Designers and developers can have a tendency to concentrate on sighted mouse users when building a web site. This is usually due to a lack of knowledge about how other people can use the web.
Something I have been thinking about for a while is using personas to help teach accessibility. I think it would be really useful to come up with some detailed personas that highlight the most common disabilities, the problems they face on the web and how assistive technologies are used. These can then be used to get designers, developers and project owners on board with accessibility – and used in discussions about designs or code that have accessibility issues.
Here’s a quick first attempt at some personas. I’d be interested in what people think of the idea and suggestions for improving the personas.
Tom, 54 is an accountant who spends 2 hours a day commuting to work by train. He is colour blind and uses a 3g dongle to connect to the internet when on the train.
Tom has problems when a website relies only on colour to communicate something.
Ben, 20 is a deaf student studying computer science at university
Tom has problems with websites that don’t include captions or transcripts
Liane, 38 (once sighted) is blind. Uses JAWS and Internet explorer to surf the web.
JAWS lets Liane get up a list of headings and links to get a quick overview of a web pages. She uses short cuts to navigate the page -jumping to headings, lists and tables etc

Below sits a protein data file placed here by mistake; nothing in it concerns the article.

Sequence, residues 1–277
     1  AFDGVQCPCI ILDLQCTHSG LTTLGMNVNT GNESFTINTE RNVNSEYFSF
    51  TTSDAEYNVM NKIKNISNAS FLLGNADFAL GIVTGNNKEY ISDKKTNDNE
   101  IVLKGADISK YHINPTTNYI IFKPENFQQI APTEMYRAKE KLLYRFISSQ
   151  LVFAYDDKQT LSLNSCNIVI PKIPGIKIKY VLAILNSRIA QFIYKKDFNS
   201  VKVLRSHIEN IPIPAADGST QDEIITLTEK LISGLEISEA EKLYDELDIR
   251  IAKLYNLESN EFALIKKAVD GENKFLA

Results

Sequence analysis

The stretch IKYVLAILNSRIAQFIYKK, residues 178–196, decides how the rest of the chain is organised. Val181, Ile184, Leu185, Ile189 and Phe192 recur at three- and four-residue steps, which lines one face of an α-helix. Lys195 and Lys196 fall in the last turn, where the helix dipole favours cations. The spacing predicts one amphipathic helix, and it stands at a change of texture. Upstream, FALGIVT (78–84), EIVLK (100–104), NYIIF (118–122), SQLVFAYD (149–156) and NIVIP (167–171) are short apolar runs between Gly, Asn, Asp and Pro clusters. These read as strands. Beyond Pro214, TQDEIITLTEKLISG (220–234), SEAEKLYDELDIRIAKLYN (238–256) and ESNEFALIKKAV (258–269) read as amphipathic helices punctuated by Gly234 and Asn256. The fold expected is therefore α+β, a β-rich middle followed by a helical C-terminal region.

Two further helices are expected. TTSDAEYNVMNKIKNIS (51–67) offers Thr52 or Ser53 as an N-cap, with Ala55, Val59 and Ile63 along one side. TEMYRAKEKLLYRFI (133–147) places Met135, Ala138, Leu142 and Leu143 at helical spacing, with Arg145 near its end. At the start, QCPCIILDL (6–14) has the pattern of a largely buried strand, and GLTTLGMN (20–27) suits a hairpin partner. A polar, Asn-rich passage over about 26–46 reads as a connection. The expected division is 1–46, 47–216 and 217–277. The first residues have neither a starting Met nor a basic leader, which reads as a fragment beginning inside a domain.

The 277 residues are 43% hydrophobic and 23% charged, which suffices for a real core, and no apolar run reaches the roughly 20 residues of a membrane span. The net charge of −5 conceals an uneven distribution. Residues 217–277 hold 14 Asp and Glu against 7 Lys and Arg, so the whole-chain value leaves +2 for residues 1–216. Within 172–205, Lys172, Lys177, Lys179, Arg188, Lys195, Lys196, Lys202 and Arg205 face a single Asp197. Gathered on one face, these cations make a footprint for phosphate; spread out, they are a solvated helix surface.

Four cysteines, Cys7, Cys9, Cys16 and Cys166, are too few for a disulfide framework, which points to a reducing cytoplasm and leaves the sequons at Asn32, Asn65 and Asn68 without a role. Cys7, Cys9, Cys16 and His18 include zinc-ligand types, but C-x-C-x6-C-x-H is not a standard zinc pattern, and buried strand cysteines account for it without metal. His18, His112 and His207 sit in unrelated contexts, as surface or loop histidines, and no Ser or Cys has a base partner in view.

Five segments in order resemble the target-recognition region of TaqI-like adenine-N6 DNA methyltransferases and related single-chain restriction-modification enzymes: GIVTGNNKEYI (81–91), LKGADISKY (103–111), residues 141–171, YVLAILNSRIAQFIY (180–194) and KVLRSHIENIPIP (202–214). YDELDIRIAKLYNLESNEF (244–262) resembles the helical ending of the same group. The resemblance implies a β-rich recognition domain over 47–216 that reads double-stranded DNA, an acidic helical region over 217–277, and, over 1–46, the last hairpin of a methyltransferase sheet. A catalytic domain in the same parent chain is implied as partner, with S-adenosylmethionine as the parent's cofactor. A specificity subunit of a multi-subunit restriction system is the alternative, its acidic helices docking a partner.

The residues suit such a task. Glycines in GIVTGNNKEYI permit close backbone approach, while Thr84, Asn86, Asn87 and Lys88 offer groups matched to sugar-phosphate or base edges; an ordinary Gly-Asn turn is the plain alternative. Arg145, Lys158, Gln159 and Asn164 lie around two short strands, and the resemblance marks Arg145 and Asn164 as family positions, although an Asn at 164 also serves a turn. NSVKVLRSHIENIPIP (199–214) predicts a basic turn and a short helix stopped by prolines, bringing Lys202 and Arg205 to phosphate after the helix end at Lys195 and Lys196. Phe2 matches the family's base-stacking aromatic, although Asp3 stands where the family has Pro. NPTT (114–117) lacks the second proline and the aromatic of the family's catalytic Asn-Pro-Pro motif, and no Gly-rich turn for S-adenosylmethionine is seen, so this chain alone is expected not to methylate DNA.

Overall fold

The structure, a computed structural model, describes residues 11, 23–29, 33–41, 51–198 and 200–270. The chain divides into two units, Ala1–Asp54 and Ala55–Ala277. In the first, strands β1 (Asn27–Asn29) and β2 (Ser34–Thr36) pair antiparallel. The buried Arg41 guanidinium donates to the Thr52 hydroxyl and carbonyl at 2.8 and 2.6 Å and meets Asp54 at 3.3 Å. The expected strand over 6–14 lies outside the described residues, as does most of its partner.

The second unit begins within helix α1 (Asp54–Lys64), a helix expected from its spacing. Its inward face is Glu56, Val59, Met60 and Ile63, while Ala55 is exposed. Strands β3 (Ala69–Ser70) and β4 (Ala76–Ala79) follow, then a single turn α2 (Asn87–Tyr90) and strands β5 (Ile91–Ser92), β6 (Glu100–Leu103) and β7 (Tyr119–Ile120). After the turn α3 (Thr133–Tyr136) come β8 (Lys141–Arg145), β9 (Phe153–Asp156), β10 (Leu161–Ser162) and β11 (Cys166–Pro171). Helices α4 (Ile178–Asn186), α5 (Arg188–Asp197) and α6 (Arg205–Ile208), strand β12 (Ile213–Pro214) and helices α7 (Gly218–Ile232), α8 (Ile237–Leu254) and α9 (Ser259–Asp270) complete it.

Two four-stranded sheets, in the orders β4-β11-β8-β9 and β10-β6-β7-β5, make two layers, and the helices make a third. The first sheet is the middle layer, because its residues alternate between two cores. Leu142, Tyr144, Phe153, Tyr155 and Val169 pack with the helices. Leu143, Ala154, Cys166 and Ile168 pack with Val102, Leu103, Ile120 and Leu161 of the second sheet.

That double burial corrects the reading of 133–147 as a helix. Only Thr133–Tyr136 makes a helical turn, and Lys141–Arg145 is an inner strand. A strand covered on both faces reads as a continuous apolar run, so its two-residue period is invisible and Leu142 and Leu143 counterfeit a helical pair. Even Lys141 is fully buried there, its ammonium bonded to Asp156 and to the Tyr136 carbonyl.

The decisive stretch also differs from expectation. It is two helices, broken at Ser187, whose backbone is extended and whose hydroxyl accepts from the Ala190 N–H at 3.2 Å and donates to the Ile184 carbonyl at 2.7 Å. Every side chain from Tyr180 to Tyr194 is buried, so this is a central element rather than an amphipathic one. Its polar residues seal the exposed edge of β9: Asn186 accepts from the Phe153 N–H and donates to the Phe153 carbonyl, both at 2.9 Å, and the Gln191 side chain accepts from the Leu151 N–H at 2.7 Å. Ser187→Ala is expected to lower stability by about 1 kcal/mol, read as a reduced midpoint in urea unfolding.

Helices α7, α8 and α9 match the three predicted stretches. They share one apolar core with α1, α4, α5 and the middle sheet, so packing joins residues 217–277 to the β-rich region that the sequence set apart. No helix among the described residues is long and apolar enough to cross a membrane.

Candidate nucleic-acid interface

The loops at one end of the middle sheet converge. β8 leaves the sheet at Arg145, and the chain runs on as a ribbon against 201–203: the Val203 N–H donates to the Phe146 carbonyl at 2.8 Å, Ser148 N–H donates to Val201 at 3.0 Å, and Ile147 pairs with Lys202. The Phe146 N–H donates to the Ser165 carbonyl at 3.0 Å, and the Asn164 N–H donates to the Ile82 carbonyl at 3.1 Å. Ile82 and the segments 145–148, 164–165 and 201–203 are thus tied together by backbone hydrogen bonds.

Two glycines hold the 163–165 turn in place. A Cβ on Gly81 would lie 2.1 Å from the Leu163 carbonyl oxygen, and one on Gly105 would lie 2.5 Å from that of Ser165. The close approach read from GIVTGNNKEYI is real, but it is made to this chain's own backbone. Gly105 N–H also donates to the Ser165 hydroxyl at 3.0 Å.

She has problems when pages don’t make use of headings and when links don’t have descriptive labels.
She has problems with pages that don’t allow keyboard navigation (e.g clickable ‘buttons’ that are implement with ‘span’)
She has problems with pages that use ajax that don’t inform her when new new content has updated
Alice, 69, has poor mobility and poor vision. Unable to get out of her flat without help. Uses the web to do her weekly shop and buy presents.
Uses IE 6. Has difficulty using a mouse so uses a keyboard. Due to poor vision she sets the font size to 200%
Has problems with sites that don’t work with a keyboard and sites that don’t provide the option to skip links.
Has problems with sites that break when font size increased.
Her memory is not as good as it used to be – needs things to be explained in simple language.
Get confused if a website does something unexpected.
Derek does not have full use of his hands so is unable to type. On his desktop uses Dragon Naturally speaking.
When using Dragon Naturally speaking can use the ‘button’ command which displays a number next to all the buttons on the page. Can then say the number to activate the button. Won’t work if developers have used ‘span’ instead of ‘button’
An example Accessibility for the modern web – @ 4 minutes
Can you suggest any other or better personas or scenarios? – or help flesh out the these ones?
It would be great to include the number of people that have these disabilities, examples of sites that have good or bad accessibility for the above issues – and videos that show people using the mentioned assistive technologies